Cancer symptoms have not gone anywhere, so why has the number of urgent referrals reduced?
The willingness of our nation, and many others around the world, to stay at home in order to protect NHS capacity and the elderly and vulnerable, will likely go down as the greatest act of solidarity and unity of our generation.
It has been speculated though that there will be unintended consequences. In addition to widely reported concerns about mental health, Cancer Research UK have considered the impact of the pandemic on cancer services in the UK.
Although there are many aspects where we just have to hope that resources are being allocated appropriately, one thing we can all do, on an individual level, is look after own wellbeing; not just by exercising and maintaining a healthy diet to maintain our mental and physical health, but by seeking medical treatment when we need it.
Just because we have put our lives on hold to try and flatten the Covid curve, cancer hasn’t observed this ceasefire. Yet, despite the relentless nature of cancer, urgent cancer referrals have dropped by around 25% in England and one specialist has said on Twitter that he would be surprised if 5,000 cases are diagnosed this month – normally, in April, around 30,000 would be diagnosed.
Cancer Research UK has put this down to various factors: from a decrease in patients attending their GP, to GPs making less hospital referrals.
It can’t be stressed enough, that cancer has not stopped and GPs are still open for business. Cases which go undiagnosed and/or missed now, will not disappear; they will stack up week-on-week, potentially leading to more issues in months to come. There’s often not much we can do, in practical terms, to help our health service, but in this instance there is. All you have to do is look after yourself, by seeking appropriate advice if you have any sign(s) of cancer.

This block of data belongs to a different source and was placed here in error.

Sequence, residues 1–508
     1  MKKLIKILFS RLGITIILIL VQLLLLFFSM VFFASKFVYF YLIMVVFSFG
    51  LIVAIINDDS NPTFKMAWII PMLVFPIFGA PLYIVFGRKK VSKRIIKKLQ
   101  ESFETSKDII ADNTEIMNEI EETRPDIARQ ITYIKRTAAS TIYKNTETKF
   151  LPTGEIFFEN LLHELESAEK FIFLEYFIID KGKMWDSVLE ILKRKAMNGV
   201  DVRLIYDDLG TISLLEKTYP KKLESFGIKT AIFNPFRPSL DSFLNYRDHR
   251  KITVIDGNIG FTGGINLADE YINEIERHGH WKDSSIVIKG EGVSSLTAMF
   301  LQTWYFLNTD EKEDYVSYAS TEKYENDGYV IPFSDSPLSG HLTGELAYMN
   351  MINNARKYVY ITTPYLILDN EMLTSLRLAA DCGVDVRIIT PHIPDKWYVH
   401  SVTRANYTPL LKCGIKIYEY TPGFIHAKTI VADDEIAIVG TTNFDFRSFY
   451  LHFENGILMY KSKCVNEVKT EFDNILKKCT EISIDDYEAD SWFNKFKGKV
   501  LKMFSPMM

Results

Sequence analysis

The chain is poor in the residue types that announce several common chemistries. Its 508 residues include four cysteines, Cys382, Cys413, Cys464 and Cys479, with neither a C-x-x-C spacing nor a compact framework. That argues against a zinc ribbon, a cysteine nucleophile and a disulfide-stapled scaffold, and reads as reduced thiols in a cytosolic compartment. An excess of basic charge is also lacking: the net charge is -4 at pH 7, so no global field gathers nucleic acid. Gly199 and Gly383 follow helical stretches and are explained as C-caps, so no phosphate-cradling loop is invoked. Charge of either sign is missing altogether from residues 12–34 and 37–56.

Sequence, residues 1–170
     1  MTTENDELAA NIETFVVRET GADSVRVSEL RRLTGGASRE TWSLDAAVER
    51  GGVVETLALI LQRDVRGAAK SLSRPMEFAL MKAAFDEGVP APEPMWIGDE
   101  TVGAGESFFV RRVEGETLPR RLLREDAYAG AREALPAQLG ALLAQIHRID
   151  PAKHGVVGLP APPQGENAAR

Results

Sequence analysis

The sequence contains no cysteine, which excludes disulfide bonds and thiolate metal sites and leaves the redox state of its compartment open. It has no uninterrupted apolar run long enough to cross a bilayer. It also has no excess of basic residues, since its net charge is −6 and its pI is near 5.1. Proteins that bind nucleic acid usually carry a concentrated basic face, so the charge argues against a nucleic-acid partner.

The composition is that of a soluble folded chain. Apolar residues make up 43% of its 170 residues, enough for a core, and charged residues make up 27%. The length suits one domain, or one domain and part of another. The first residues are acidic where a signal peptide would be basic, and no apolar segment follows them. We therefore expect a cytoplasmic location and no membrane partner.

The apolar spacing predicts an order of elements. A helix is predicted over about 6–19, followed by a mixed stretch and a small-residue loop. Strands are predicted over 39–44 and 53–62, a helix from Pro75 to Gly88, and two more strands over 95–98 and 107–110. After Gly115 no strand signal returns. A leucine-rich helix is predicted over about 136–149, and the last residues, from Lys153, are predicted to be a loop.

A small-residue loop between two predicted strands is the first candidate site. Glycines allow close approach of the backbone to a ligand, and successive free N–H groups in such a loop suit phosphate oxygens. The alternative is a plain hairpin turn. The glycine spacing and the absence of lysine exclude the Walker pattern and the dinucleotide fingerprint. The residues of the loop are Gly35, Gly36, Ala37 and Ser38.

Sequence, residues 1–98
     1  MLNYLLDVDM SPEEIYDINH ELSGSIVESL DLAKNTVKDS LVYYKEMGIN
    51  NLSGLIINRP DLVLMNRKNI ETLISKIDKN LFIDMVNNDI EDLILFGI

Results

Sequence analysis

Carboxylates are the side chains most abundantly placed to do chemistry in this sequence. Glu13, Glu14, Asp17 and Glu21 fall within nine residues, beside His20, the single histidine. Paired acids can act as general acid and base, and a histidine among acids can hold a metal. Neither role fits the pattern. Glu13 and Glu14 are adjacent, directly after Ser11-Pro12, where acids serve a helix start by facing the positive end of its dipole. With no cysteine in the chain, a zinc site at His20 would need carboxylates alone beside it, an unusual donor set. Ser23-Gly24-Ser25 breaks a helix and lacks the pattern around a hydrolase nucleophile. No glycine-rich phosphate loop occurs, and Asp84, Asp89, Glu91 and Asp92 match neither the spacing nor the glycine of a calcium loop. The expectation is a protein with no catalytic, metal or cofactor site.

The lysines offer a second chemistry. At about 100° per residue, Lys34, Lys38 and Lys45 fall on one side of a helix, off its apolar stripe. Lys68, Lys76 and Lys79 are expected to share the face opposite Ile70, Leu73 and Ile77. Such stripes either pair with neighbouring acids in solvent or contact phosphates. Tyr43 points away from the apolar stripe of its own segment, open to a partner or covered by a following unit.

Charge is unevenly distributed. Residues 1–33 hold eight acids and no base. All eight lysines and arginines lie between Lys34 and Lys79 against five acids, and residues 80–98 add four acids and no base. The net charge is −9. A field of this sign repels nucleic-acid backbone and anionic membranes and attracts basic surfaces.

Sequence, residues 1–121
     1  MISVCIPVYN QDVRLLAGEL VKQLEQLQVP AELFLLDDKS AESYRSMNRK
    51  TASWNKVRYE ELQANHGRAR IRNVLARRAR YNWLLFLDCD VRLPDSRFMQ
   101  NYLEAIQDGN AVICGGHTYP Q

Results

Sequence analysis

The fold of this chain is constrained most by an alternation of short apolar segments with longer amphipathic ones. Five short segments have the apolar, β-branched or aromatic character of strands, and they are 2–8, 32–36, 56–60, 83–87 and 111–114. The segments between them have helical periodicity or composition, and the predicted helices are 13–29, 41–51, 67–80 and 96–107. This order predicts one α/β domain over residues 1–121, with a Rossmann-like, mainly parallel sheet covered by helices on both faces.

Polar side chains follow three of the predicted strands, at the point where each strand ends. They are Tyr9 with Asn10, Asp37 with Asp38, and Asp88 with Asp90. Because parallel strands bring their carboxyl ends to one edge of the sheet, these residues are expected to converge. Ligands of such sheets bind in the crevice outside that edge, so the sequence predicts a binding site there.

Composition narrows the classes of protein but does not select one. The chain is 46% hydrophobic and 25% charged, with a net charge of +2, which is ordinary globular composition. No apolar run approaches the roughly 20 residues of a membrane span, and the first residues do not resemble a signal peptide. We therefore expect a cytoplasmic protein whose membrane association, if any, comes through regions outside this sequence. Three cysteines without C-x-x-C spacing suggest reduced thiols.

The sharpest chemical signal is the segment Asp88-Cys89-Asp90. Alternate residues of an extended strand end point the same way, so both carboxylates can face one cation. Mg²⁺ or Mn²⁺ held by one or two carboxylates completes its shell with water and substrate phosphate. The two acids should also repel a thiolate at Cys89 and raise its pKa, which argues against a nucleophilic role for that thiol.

Here is a timely reminder of some of the symptoms you should not ignore, even in these unprecedented times. Please bear in mind that this is not a diagnostic tool and only includes some of the most common symptoms. If you have anything you are concerned about, you should contact a doctor.
During the current pandemic, a cough is a symptom we are all being extra vigilant for. Although coughs can be caused by a variety of illnesses or conditions, if you cough up any blood – no matter how much, or how it appears – or you have a persistent cough, you should speak to your GP.
Breathlessness is another symptom that we are particularly watchful for at the moment, but could also be indicative something else. Although it is not unusual to feel out of breath every now and then, if it is a feeling you’re experiencing more than usual, or a lot of the time, contact your doctor.
Heavy sweating at night
A third symptom in common the Covid-19 virus, is heavy sweating. It is a symptom that is also associated with infection and around the time of the menopause, but very heavy night sweats can also be a sign of cancer, so call you GP if it is something you are experiencing.
Unexplained weight loss
If you’re one of the people who have taken the opportunity to use the extra time on your hands caused by the pandemic to get in shape, by working out at home, a bit of weight loss might be nothing to worry about, but if you’ve lost a noticeable amount of weight, in a short amount of time, without trying to, you should speak to your GP.